Okay, I know I have a bit of history of… well… history lessons, but just for once, when it’s probably the most pertinent time ever to provide one, I’m not going to. I’m sure there are plenty of other sites out there that start off their reviews with the full historical rundown of this game. Besides, if you’re even the slightest bit interested in gaming, then you probably have at least a vague idea of the history of Duke Nukem Forever and its 12-year delay.

It’s probably the closest thing us gamers have had to a truly significant historical event. With a game like Duke Nukem Forever, which has taken so long to come out, and been part of gamer culture – if only in spirit – for so long, it surely takes a huge pair of balls for a company to think they can release something that will meet the almost mythical expectations the game has surely garnered over the years. Well, Gearbox certainly thought they had a pair big enough to rival Duke himself, and unlike some other wimps, they actually got the job done – but here’s the million dollar question. Is it good?


In another dramatic break from tradition, I’m going to answer straight away, and this is the final answer – no, it’s not that good. There are parts of it that are good, sure, but overall, it seems like someone dropped the ball, so to speak. It certainly wasn’t Duke, it’s clear he’s as ballsy as ever, so it has to be the game designers themselves who are the nutless wonders that loused this event up. Okay, okay, I’ll stop talking about balls now. It just seemed kind of appropriate, given the subject matter.

The game opens with one of its cooler ideas: the final boss fight from Duke Nukem 3D. This has been done before in other games, and I guess it’s not a bad idea to stir up some fond memories as your first course of action. In this case, Duke has to fight the Cycloid Emperor in the football field using the Devastator. Once you beat him, you get to actually kick his eye through the goal posts yourself, just like Duke did in the original’s closing cinematic. After this, the action zooms backwards to reveal that it’s not actually the game itself – but Duke playing a game of himself. You see his hands holding a controller and everything – I know! Pretty clever, right? Anyway, following this is some dialogue with Duke’s two slutty schoolgirl girlfriends who reveal that Duke is due to appear on a talk show at any moment to commemorate the twelfth anniversary of him kicking the alien invaders in the ba-… backsides.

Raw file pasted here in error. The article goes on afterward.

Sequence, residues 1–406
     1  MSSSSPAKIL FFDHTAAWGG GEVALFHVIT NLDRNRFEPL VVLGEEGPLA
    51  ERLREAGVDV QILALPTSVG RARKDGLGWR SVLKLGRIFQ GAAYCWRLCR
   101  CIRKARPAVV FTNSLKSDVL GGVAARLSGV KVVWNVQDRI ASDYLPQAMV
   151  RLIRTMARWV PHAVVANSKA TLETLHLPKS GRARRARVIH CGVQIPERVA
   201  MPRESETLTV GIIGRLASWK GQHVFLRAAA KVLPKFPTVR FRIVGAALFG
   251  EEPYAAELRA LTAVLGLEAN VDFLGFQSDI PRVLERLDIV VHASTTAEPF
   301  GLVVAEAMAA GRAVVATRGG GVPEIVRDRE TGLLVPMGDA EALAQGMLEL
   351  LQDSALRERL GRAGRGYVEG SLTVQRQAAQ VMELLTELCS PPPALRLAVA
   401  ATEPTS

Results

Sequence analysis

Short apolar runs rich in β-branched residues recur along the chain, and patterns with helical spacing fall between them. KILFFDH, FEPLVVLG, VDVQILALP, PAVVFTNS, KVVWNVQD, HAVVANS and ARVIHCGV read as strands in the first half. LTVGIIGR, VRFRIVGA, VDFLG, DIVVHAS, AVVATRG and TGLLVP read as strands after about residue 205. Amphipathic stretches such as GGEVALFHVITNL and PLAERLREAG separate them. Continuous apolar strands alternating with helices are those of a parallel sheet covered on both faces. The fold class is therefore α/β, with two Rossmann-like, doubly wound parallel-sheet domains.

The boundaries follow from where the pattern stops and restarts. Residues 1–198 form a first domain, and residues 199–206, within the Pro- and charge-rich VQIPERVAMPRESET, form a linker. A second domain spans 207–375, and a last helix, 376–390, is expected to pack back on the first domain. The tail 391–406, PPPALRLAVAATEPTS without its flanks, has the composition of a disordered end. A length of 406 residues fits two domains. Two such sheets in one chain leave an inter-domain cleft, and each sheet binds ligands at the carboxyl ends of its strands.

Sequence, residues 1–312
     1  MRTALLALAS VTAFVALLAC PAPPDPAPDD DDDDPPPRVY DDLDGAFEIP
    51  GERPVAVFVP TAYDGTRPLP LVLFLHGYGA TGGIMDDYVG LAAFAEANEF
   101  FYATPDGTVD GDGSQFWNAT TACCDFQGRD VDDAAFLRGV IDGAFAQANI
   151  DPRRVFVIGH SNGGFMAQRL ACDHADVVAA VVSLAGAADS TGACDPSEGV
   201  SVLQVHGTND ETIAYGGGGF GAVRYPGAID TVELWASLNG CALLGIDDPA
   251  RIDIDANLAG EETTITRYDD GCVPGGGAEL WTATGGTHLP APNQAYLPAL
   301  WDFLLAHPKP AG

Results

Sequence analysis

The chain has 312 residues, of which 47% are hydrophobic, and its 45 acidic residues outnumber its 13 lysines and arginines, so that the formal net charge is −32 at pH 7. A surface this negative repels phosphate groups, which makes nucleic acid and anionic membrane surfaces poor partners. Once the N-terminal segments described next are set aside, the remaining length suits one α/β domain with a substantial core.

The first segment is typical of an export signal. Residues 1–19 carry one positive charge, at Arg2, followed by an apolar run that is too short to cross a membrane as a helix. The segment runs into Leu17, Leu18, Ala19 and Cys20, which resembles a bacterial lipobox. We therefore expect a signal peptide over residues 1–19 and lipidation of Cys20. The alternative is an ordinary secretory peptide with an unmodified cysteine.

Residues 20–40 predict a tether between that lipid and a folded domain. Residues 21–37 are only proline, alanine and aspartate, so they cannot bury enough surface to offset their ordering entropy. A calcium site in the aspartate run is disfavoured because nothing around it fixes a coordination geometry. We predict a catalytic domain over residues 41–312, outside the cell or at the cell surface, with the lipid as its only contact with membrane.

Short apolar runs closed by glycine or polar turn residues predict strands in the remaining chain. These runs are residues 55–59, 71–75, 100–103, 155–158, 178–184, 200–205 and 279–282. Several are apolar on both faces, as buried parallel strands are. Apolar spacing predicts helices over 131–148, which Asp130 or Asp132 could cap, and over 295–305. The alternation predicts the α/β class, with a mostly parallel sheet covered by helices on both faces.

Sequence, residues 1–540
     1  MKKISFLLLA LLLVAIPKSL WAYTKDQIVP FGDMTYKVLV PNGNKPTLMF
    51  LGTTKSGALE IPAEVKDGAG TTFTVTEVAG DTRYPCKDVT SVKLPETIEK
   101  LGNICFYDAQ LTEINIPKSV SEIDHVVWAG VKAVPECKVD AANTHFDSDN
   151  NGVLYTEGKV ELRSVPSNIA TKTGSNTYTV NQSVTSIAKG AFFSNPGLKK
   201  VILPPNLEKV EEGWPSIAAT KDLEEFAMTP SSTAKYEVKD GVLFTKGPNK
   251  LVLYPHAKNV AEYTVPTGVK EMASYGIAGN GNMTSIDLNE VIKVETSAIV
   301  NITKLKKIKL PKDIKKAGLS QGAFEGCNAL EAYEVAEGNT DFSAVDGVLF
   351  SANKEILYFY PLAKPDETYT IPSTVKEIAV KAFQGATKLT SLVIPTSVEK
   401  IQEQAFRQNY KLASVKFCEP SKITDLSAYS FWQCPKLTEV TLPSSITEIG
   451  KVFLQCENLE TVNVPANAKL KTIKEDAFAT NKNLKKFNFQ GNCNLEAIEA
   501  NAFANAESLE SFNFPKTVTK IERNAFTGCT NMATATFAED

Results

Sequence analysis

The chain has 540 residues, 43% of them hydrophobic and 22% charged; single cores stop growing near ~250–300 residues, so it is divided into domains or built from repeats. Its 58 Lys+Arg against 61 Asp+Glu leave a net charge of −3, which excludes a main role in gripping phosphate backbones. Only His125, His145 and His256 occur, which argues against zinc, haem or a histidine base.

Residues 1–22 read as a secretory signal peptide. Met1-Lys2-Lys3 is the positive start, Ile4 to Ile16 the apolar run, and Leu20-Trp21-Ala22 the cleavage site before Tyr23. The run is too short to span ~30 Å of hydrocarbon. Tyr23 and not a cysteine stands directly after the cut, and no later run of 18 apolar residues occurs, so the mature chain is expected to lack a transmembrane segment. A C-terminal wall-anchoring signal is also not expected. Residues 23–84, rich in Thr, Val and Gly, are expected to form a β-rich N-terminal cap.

So far, so good, eh? Sounds like a good start for a game that aims to deliver an experience worthy of the legend. Unfortunately, this is where things start to go downhill. Turns out the aliens are still sore about Duke beating them the first time, and it’s taken them 12 years to hatch a plan for revenge. Their grand scheme? Exactly the same as the first time – kidnap as many human females as possible to impregnate them with alien horrors. And with that, Duke’s appearance on the show is cut short as he has to run out into the city of Las Vegas, which has apparently become a massive, city-sized shrine to him, to kick some ass.

The actual game is where the biggest problem lies. Once you’ve stripped away all the drunken, frat-boy monkey-garbage, what’s left is a very straightforward shooter – a very bare-bones straightforward shooter. I guess the hook was supposed to be the humour and the funny little things you can do every now and then to increase Duke’s Ego (life bar), like shooting hoops, lifting weights, peeing and slapping around titties (seriously). Unfortunately, it’s just not enough to make the game good when the shooting action is this bland.

Duke can only hold two weapons at once, and there are usually only two weapons to be had at any time, meaning the developers wanted you to go through certain section with a particular pair of weapons. The weapons aren’t even that interesting – they’re mostly the classic Duke weapons you know: Ripper, shotgun, Shrink Ray, Freeze Ray, RPG, with one or two boring additions like an alien laser. The enemies are ripped mostly from the last game too, again, with one or two unremarkable new additions. Occasionally you’ll have to solve a low-key puzzle or engage in a bit of driving or turret shooting, but really, it’s nothing new at all. Even the aiming feels backwards. When you hold down the button to zoom and aim, all that happens is that the view is tugged forwards a bit – no iron sight aiming or even a slight posture adjustment on Duke’s part. I didn’t think it would be a big deal until I realised how unsophisticated it makes the game feel.

Okay, so the single player game is amusing but mediocre – but surely fighting others online with all this humour should make it more fun, right? Well… maybe. I guess there’s some fun to be had shooting other players  with shrink rays, or setting laser trip mines in devious locations – but don’t expect anything revolutionary. Deathmatch, Team Deathmatch, King of the Hill (cute), and Duke Nukem’s take on capture the flag – Capture the Babe, in this case – are your lot. You can customise your Duke with a few accessories and colour as you rank up, too, if that makes any difference to you.

When all’s said and done, I can’t help but feel that the developers were focusing on completely the wrong thing here. They spent so much time trying to make the game crass and offensive – and they succeeded – that they forgot they were making a game. Duke Nukem 3D was crass, offensive and very complex and innovative for its time. Duke Nukem Forever is crass, offensive and just plain backwards.

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